Book Review: The Last

You’ve probably seen The Last all over your social media feeds and various book blogs. That red and black cover (which would look more at home with the slew of feminist and dysoptian texts such as VOX and The Power) is simply made for an instagram post.

Reviewers too seem to rave about this post apocalyptic thriller with a twisty turny whodunit plot. I mean the very tagline suggests that you are about to read a very modern Agatha Christie type affair (One Hotel. Twenty Survivors. Who Will Be … The Last). It will probably be made into a TV series, which you will probably watch in that expanse of time between Christmas and New Year. You’ll try to guess which character will get picked off next and take bets with your family on who the murderer is …

Only that’s not what this novel is. It sort of starts out that way and then sort of forgets halfway through, only for the mystery to be sort of wrapped up in the race towards the end of the novel.

It’s not really all that much of a post apocalyptic tale of woe. We know precious little of what started man’s descent to oblivion and we only really see the after effects from the perspective of 20 guests (and staff) trapped in a hotel in Switzerland.

So really I got to the end of The Last and wasn’t totally sure what I read. I enjoyed it, although I was frustrated by the lack of progress on the murder mystery and rather disappointed by the end. I wanted to finish it and it was a light, entertaining sort of a read.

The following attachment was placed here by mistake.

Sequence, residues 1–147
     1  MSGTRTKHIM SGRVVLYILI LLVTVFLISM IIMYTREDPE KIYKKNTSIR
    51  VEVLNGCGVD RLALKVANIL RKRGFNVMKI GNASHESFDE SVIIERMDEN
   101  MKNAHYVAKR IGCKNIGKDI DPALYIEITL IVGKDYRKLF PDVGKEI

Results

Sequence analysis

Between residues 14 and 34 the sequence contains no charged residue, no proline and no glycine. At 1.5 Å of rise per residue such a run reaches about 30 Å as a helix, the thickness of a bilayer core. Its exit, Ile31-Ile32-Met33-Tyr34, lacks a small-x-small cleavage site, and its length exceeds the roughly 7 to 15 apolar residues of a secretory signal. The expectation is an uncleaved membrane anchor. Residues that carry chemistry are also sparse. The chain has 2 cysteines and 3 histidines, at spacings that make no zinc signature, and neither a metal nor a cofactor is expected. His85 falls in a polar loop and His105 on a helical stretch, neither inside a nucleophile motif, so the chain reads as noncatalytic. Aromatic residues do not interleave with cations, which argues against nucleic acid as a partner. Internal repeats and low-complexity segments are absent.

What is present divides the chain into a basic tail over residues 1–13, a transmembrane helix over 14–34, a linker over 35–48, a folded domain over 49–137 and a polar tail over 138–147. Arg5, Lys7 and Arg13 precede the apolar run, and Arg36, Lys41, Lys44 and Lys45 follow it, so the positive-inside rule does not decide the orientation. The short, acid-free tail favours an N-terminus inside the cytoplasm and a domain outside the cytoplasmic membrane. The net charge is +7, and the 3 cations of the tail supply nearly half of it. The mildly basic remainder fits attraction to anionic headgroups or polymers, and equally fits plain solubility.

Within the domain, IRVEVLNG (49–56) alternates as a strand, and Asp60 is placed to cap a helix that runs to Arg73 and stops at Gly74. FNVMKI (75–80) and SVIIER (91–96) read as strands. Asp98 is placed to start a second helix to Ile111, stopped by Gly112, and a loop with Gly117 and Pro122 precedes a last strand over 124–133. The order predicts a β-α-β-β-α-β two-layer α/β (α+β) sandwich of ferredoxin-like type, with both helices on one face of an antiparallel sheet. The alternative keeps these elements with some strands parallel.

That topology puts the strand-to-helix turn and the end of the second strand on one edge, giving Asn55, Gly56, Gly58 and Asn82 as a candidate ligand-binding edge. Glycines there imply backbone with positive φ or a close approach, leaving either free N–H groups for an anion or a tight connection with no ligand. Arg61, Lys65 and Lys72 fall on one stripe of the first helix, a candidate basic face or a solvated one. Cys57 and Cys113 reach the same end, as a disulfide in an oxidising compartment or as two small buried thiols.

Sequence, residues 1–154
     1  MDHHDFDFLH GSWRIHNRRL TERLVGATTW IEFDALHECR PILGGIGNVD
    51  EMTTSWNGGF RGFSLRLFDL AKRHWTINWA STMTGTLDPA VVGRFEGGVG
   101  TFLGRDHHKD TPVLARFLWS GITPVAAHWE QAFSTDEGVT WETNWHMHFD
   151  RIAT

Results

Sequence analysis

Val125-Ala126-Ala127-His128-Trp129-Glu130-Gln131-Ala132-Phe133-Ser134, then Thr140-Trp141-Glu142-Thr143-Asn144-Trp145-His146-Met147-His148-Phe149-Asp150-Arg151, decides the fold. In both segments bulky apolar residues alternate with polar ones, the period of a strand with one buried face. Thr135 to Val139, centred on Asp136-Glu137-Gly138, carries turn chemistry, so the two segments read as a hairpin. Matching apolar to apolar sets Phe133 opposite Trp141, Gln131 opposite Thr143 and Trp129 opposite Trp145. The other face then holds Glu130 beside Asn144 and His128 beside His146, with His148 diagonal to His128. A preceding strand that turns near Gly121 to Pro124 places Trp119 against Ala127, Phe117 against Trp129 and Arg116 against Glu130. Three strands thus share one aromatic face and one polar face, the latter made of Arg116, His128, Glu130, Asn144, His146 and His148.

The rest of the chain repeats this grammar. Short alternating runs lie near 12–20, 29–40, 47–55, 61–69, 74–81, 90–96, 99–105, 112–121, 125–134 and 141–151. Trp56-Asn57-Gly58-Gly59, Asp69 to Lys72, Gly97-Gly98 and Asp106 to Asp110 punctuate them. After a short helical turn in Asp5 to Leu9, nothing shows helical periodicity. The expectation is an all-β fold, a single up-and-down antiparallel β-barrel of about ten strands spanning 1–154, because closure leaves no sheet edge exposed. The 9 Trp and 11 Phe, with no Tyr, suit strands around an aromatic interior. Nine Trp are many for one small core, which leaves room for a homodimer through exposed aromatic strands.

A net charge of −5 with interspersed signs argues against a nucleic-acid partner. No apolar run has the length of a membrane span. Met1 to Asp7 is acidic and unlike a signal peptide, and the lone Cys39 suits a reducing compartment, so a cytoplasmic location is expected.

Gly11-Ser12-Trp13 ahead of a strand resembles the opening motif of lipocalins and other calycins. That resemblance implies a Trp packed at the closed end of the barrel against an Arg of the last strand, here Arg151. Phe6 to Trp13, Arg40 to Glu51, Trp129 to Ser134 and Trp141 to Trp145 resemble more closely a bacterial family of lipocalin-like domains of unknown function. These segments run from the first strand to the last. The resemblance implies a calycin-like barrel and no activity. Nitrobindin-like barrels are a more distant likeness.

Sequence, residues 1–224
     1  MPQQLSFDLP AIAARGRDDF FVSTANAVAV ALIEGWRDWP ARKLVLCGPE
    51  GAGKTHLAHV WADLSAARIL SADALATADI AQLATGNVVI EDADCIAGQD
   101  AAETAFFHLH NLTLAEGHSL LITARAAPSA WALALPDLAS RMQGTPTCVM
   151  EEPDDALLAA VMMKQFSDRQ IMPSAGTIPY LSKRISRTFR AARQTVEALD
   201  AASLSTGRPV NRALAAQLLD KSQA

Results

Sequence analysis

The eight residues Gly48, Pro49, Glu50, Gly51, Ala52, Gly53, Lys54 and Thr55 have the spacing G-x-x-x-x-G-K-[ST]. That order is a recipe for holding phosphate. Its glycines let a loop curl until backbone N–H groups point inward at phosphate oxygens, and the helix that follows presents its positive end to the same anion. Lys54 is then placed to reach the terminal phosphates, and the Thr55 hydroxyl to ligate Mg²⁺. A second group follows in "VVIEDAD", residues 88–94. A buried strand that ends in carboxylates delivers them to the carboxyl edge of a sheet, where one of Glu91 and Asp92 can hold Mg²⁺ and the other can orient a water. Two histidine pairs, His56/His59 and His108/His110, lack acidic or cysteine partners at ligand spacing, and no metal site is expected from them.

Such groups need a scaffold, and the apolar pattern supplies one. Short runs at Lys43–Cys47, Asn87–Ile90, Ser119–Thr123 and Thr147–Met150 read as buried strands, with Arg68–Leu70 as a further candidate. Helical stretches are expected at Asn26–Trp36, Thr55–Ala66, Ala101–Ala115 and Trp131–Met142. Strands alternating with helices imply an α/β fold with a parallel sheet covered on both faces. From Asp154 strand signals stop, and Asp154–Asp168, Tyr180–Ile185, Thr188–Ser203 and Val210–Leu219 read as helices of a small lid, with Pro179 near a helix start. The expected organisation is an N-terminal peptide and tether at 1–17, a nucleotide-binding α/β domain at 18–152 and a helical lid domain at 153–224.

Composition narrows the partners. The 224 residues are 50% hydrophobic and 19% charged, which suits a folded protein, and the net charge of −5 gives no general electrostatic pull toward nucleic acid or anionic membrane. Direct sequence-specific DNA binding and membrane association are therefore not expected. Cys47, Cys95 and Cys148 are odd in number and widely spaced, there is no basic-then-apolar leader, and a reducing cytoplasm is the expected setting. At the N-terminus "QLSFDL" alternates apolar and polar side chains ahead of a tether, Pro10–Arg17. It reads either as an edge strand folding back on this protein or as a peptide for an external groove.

Unlike a lot of reviewers I didn’t take issue with the narrator, he might not be that likable, but he did at least read realistically. I also liked the way that the relationships between the characters were developed. There were suspenseful moments and I cared enough about them to want to read through to the end.

Something I did think was clever and which does set this novel apart from other thrillers is how, much like Vox before it, Jameson used the very current reality of a troubled American leadership to create a terrifying image of the future. The news coming out of America as I read this book, with troops being withdrawn and threats of ruin a country’s economy, seemed to read like the preamble of the nuclear war in the book. And let’s not begin to discuss the political landscape of the UK.

This perhaps made the hairs on the back of your neck stand up and your skin prickle more than the traditional (or lack thereof) thriller tropes.

It’s funny as I sat down to write this review I hadn’t anticipated how negatively I felt about this book! This may be a case of the hype being too loud, too great for the text to live up to.

Have you read The Last? What did you think?

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